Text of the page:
Deputy Speaker of the House of Representatives and Chairman, Ad-hoc Committee on Constitution Review, Rt. Hon. Emeka Ihedioha, has promised that the collation of resolutions of state assemblies on clauses for amendment in the 1999 Constitution will be thoroughly done towards achieving a successful finishing of the amendment process by the National Assembly
He also expressed pride with the work done by the National Assembly on the ongoing alteration of the 1999 Constitution, saying whatever the eventual outcome from the states it is satisfying that constitutional amendment is a continual exercise that may be resumed in the next dispensation.
Speaking during the transmission of the resolutions from the state assemblies in the national assembly Friday, the deputy speaker said ”we are justifiably proud of the work done by the National Assembly contained in the proposals sent to the State Houses of Assembly for their approval or rejection as the case may be.”
According to him, “whatever the outcome of the returns from the States we will accept it as the inevitable consequences of running a federation where the input of the States is a critical requirement. Indeed the process of amending or altering the Constitution is a continuous one. It does not end with this exercise.”
Hon. Ihedioha who is also the governorship candidate of the Peoples Democratic Party (PDP) for Imo State in the 2015 general elections, said he felt a personal sense of satisfaction at the way the collective views and aspirations of Nigerians from all walks of life have been reflected largely in the amendment process especially at the level of the National Assembly.
Hon. Ihedioha promised that the National Assembly “shall carry out this final exercise with dispatch, particularly given the limited time in the life of the current Assembly,” adding that “We hope that the Resolution reached on the Bill by the Houses of Assembly of the States would meet the expectations of Nigerians on the key issues that were affected by the exercise.”
He said: “I feel highly delighted at the event of today which marks another epoch in the annals of Constitution Alteration by the National Assembly. At a personal level, I have a sense of fulfilment, having guided the Ad-hoc Committee of the House of Representatives in arriving at the Constitution Alteration Bill which was adopted with nearly anonymous positive votes of the Two Chambers of the National Assembly.
“When we started the journey to further alter the provisions of the Constitution of the Federal Republic of Nigeria, 1999, we built on the experience of the efforts of the 6th National Assembly.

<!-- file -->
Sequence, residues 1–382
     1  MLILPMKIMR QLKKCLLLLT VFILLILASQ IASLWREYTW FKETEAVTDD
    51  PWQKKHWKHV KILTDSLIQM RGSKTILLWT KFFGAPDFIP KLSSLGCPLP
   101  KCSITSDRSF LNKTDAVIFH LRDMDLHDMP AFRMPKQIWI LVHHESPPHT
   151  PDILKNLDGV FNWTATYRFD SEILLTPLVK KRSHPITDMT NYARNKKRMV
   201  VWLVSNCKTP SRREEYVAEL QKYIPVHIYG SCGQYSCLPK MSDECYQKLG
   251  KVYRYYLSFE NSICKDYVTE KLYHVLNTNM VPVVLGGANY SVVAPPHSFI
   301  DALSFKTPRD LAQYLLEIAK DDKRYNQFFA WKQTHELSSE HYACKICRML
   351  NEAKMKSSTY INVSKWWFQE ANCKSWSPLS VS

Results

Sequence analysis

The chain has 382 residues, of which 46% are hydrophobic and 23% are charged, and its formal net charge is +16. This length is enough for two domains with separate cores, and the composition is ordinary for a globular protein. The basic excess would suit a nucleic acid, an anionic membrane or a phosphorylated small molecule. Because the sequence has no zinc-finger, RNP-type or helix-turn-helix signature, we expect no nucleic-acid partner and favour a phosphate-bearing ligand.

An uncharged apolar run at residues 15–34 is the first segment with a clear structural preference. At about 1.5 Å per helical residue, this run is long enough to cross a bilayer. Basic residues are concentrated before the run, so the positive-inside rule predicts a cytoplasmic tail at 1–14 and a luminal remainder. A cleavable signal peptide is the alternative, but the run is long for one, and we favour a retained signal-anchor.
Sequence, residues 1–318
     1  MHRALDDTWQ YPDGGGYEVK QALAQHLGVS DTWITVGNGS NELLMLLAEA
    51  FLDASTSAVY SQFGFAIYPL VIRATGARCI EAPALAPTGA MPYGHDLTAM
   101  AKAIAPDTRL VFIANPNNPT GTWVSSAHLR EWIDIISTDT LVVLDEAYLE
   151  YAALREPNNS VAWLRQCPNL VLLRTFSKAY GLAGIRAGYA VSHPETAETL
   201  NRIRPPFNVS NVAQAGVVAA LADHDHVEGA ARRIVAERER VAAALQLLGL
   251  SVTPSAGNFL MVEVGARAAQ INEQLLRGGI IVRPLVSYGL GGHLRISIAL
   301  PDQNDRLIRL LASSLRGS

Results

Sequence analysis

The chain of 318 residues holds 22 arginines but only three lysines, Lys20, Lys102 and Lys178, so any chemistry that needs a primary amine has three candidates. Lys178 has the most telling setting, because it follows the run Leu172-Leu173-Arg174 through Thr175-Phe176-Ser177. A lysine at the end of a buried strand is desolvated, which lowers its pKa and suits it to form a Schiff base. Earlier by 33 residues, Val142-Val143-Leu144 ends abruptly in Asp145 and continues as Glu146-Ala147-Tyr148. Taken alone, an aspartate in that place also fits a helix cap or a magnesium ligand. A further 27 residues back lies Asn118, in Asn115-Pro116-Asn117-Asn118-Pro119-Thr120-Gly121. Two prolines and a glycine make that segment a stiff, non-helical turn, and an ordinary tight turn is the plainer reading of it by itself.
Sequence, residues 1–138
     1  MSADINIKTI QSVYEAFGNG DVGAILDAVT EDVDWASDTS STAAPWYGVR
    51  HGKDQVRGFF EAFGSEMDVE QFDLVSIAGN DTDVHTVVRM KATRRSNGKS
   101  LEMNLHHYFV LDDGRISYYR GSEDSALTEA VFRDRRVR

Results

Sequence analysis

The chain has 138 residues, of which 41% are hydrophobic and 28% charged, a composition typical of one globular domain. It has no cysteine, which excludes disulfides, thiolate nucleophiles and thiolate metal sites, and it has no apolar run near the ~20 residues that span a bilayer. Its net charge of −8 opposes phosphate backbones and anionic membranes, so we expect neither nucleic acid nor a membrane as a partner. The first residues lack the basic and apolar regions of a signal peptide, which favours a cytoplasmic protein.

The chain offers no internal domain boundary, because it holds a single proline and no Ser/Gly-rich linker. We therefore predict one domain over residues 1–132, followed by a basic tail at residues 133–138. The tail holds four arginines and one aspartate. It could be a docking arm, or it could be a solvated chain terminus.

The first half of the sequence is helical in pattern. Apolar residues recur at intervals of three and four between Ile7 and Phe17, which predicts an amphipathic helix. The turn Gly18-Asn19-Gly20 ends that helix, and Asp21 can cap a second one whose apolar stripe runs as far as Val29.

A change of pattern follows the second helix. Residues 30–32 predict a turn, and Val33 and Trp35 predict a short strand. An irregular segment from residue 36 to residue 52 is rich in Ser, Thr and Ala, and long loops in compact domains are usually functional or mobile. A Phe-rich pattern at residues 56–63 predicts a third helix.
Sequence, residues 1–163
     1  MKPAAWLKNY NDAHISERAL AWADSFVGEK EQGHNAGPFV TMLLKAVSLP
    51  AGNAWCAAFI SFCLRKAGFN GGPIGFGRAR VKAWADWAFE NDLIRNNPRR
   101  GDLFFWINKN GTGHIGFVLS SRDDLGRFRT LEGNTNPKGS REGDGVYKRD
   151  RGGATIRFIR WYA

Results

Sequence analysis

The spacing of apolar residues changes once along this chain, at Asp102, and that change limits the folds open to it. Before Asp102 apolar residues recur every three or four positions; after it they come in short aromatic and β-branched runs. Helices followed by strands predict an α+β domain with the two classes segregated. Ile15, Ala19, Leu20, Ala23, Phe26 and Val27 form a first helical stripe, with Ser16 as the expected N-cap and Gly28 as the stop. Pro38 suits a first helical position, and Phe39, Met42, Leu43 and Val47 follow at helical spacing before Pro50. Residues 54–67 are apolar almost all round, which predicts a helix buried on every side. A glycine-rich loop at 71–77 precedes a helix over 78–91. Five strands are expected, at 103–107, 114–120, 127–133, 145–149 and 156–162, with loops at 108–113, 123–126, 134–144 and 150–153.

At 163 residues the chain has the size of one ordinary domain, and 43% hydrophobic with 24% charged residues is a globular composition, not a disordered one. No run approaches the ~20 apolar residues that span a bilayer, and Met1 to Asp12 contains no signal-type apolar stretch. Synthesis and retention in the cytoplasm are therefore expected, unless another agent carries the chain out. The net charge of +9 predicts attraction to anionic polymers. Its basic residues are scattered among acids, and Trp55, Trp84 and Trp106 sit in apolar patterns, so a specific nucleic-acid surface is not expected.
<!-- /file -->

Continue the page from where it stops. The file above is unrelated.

“For us in the House of Representatives , the House ad Hoc Committee on Constitution Review was set up to fulfill one of the cardinal points in the Legislative Agenda adopted by the 7th House of Representatives following its inauguration in June 2011.
“We had made a commitment to the Nigerian people to further alter the provisions of the 1999 Constitution in a more holistic manner than the previous efforts which touched only, a few provisions. If we recall the origin of the Constitution, we will acknowledge that it lacked a more direct participation of Nigerians in its making. We made efforts this time to involve all Nigerians.
“The National Assembly took the approach of incremental alterations of the provisions of the Constitution in such a manner that would eventually bring about a wholesale alteration/review of the Constitution without unduly upsetting the governance structure of the country. This we did with the proposal for the amendment or alteration of 57 Sections and 7 Schedules of the Constitution.
“Following the adoption of the Bill, the National Assembly on 28 October 2014, transmitted the Bill to the Conference of Speakers of State Legislature in accordance with Section 9 of the Constitution. It is heartening that the Houses of Assembly of the States concluded the work on the Bill in less than two months and are transmitting their Resolution to the National Assembly today indicating the views of their States on the items for amendment proposed by the National Assembly.
“The National Assembly will further collate the votes on each of the sections of the Bill and determine which of them attained the constitutionally required two-third (2/3) vote for passage, which in practice means that Twenty-Four out of the Thirty-Six State Houses of Assembly shall have voted ‘yes’ on each Section for it to be adjudged as having passed.”
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